Portfolio of past work w/ former employers


Fellow 'Nects-
I'm putting together a website for my sole prop office. I see the biggest component to this marketing tool as being able to show examples of work. I do not, however, have a lot of personal commissions, 3 total (small residential jobs), that I was the responsible professional.
However, I do have a lot of images, drawings, and sketches from work with former employers (3 offices) over the past 5 years.
My question is...beyond citing the owner, architect of record, and design team members for the project (consultants incl.), are there any copyright and/or proprietary issues that I should be aware of?
I'd like to be able to post some nice jpegs (photos, plans, details)of commercial and public projects that highlight my skills and experience. I appreciate your advice and insight...

Feb 6, 08 11:28 am


if memory serves, there are several posts which have addressed this in the past. i'll try to hit the highlights with your questions:

first, and i can't stress this enough, you need to go back to each of those employers, explain what you'd like to do, and get their permission. the absolute worst thing is to take a 'screw them i don't need permission attitude', since it won't get you anywhere. also, merely 'citing' the relevant information isn't enough -

the agreement my partner and i signed with the firm we had both left included the following:

what our role was on the projects we wanted to show (let's say: project architect through cd's.)
what images we were allowed to use with those projects.
what copyright information needed to be on the images.
what venues we would be allowed to use them in (web, proposals, etc.).

we had a little back and forth about what 'exactly' our roles were, but in the end, we got plenty to use and maintained an important bridge to the firm.

with regards to copyright in general: anything you produced, for a firm, is theirs. period. drawings, photos, models, sketches, anything. they own all copyrights and it's their decision about how those materials can be distributed. this is doubly true for professional photographers - lots of times, they own the image and are just granting permission to the firm to use their images.

you do not, contrary to popular opinion or sentiment, have any inherent right to use any of that material. on the flip side, the aia code of ethics (which is not legally binding) does say that firms shall not prohibit the 'reasonable' use of materials by someone who worked at a firm. what constitutes 'reasonable' is pretty hazy, but the bottom line is that, at least as far as the aia is concerned, your former employers should grant you some kind of usage rights. note, though, that they have to grant it to you. it's not just an automatic given. so, negotiate with each and see what you can get.

in the case of photos and renderings: if you create something, yourself, that does not rely on material from the office (ie cad files, photos, etc), you can use those without needing permission. i wouldn't recommend it for drawings (since they would be almost impossible to do without using their base files to create something), but photos of completed buildings are totally different. you can shoot those yourself and you would own the copyright on the image, not the content in the image. that's something we did with the completed projects - rather than use the firms professional shots (and needing to put their name on them), we took shots ourselves. not as good, but...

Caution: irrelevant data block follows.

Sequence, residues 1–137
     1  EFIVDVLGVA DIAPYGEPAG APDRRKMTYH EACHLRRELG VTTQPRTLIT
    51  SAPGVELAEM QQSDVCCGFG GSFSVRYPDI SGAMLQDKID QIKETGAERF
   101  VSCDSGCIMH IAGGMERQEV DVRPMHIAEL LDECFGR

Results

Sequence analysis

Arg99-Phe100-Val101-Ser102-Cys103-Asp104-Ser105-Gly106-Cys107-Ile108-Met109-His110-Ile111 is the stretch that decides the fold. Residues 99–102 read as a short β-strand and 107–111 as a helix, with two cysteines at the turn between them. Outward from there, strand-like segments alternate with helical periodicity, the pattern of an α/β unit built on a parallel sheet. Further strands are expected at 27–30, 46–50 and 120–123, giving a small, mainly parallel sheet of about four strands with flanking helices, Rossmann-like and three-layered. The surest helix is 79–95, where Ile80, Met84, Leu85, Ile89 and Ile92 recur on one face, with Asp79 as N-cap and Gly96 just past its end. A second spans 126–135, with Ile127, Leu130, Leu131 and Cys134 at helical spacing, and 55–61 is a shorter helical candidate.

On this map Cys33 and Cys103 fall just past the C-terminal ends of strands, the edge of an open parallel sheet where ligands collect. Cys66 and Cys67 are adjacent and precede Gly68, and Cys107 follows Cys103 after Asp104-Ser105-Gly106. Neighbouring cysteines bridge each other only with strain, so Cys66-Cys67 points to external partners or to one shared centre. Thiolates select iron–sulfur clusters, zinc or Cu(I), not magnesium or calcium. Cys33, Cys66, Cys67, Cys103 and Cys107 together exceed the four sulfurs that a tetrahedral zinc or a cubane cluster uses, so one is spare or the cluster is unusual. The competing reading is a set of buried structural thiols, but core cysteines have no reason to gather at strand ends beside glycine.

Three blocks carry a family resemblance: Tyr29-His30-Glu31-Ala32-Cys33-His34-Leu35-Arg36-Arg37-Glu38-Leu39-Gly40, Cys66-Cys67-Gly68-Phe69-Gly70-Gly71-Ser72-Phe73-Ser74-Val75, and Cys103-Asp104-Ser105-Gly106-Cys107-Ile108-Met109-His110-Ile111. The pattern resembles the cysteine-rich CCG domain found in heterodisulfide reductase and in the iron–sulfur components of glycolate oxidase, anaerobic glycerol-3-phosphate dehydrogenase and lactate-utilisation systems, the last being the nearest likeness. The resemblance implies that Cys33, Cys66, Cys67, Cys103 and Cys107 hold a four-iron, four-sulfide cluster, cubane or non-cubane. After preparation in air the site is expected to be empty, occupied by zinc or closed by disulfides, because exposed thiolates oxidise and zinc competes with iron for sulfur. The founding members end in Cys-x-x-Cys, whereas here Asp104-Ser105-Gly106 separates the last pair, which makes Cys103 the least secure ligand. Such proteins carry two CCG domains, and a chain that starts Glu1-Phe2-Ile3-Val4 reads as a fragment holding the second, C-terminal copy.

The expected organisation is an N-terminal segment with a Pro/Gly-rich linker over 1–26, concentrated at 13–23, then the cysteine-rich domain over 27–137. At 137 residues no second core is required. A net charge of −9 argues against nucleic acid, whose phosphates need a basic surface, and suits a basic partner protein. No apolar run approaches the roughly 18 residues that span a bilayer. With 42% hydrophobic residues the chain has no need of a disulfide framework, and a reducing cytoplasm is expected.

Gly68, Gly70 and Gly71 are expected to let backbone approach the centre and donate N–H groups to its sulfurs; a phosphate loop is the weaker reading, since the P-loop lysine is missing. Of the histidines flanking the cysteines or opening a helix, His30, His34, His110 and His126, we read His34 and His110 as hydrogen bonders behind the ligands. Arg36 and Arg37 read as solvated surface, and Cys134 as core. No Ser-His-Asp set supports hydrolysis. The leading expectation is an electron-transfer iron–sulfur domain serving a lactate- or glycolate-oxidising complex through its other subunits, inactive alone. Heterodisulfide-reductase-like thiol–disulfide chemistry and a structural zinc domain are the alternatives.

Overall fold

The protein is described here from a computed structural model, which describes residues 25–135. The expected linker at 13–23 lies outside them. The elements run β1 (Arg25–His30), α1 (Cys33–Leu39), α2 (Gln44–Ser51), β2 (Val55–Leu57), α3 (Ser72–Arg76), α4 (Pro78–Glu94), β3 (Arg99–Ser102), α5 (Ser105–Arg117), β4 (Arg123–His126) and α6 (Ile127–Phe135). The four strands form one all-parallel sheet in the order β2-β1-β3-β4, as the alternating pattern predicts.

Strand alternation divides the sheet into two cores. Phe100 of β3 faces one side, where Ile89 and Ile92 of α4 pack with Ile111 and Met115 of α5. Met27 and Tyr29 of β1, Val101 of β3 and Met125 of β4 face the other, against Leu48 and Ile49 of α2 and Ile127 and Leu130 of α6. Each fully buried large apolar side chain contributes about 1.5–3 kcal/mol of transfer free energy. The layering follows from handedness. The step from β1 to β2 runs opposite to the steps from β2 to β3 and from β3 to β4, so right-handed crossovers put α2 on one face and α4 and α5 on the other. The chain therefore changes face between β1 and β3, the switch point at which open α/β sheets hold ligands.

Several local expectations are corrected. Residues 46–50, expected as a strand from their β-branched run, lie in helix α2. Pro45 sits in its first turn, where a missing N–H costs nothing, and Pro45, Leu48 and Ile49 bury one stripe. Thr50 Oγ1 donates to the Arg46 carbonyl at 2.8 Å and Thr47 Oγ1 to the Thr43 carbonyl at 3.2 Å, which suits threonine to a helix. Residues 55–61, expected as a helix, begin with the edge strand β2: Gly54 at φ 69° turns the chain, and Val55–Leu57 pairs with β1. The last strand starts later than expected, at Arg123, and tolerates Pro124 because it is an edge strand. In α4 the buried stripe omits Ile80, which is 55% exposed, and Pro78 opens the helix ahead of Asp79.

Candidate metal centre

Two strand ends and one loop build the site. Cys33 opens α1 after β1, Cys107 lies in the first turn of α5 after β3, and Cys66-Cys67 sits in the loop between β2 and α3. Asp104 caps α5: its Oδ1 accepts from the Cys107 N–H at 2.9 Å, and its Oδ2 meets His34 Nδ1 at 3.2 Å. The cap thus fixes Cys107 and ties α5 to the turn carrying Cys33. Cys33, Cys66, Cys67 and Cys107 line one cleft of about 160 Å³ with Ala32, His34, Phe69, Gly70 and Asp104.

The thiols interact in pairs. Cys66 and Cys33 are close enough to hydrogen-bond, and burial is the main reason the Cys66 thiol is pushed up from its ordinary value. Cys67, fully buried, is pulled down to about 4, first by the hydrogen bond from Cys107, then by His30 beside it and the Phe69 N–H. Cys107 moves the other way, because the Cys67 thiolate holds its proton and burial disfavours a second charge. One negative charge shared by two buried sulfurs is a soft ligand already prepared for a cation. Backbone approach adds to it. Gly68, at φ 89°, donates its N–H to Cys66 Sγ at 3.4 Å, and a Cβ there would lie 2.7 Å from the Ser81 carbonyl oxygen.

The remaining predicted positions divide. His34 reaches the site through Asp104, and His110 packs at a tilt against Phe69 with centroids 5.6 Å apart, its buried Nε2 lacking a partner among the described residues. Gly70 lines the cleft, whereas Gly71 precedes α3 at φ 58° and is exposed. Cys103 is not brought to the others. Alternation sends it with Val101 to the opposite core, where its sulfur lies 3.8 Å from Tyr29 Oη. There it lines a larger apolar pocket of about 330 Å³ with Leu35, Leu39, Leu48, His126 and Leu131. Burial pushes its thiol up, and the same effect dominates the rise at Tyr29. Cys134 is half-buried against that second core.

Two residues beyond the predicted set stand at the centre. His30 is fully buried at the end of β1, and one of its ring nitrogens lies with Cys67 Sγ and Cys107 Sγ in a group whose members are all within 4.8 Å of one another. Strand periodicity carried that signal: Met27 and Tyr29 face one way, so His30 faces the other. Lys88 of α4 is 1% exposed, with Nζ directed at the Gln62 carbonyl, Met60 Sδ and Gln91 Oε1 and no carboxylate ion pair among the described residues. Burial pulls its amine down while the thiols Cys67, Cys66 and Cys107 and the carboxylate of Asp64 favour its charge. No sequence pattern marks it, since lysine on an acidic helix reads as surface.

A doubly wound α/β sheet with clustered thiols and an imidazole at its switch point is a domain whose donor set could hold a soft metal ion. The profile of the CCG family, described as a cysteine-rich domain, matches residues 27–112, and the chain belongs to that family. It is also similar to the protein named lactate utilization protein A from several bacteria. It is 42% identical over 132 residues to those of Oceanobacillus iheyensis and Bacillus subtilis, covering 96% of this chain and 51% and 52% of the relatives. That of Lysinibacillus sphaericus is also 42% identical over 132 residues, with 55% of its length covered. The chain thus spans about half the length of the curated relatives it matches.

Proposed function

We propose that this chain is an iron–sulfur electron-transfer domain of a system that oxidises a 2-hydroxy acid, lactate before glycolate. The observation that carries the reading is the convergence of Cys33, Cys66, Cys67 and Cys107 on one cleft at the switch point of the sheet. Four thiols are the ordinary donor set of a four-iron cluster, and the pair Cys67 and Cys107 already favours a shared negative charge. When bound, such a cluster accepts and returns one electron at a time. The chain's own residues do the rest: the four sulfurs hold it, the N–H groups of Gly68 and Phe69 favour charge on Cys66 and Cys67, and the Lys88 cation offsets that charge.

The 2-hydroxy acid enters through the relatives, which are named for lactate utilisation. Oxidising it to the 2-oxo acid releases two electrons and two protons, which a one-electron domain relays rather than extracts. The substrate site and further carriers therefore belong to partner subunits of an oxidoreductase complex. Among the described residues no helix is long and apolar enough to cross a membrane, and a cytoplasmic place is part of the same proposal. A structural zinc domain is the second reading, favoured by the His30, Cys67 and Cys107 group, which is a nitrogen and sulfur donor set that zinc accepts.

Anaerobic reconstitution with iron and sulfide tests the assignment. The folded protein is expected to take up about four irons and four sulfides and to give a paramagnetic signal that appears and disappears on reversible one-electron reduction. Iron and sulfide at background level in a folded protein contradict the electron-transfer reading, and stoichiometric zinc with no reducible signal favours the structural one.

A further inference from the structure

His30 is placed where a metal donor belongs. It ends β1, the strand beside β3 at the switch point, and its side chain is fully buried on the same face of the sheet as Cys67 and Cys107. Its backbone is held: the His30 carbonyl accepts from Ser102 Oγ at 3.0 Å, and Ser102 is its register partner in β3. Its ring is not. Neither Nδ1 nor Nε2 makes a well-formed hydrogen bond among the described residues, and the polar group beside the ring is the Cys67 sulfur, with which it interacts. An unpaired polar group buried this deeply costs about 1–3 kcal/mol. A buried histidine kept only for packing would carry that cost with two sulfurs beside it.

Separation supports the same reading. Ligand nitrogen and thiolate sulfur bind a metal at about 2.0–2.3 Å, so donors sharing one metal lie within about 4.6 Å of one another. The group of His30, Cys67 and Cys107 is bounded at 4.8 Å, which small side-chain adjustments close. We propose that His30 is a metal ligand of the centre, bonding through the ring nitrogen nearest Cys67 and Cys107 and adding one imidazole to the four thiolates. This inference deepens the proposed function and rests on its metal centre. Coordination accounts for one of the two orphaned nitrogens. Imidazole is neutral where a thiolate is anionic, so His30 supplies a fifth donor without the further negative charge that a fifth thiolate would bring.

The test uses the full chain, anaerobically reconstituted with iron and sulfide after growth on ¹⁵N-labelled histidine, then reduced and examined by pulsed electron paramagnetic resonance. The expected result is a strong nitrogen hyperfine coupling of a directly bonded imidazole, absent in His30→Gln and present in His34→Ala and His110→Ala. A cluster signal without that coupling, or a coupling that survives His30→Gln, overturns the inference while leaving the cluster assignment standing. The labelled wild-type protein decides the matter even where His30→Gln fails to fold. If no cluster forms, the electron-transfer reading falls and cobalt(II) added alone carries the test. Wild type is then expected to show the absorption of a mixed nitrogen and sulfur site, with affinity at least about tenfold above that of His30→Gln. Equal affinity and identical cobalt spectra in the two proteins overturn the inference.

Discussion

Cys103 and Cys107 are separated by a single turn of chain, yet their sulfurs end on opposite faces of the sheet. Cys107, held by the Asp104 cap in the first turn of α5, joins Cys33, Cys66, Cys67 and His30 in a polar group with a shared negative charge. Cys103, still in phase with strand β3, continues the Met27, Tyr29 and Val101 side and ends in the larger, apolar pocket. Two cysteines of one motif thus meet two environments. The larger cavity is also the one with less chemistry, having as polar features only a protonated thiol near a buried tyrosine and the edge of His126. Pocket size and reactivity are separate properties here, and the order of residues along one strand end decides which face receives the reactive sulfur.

lastly, same thing applies with any digital files - cad, word, excel, whatever. those are always to be considered proprietary. if you take them to use with an outgoing client, for example, you could be prosecuted for theft, mostly likely for felony theft since the firm could very easily value the files as greater than $1,000. just saying...

i think it's a great idea to show off your past work. what you'll probably find, though, is that you want to get your 'own' work out there as soon as you can. good luck with the firm and in getting something to show off what you're capable of.

Feb 6, 08 12:40 pm  · 
1  · 

Laru, I appreciate your extensive response and advice. I was concerned about the proprietary / litigational aspects of this issue - i.e. cad dwgs. Thanks for clearing up the issue. -Wake

Feb 6, 08 1:07 pm  · 

how does this apply to grad school portfolio?

Feb 6, 08 1:26 pm  · 


it probably doesn't. context, in some ways, is everything with this. if you're a lower level staff person and are just job hopping or going to grad school, most employers really won't care so much about using material from the firm, so long as you don't 'over-represent' your role. starting your own firm, though, is a different animal. now, you're the competition and the rules will change...

Feb 7, 08 9:32 am  · 
1  · 
Sean Taylor

I can't imagine any former employer thinking it was ok to show their work on your website. It's one thing to have it in your portfolio where you can explain (in person) exactly what role you played, but on a website?

Feb 7, 08 11:45 pm  · 

Lots of people do. Check out local small newish firms.

Jun 9, 23 5:31 pm  · 

Does this apply if the former firm doesn't exist any longer [it was purchased by another company]? The former owner is a retired architect now.   

Jun 9, 23 12:50 pm  · 

Yes. You would have to ask either the owner if he retained rights, or the new company.

Jun 9, 23 2:01 pm  · 

Block this user

Are you sure you want to block this user and hide all related comments throughout the site?

  • ×Search in: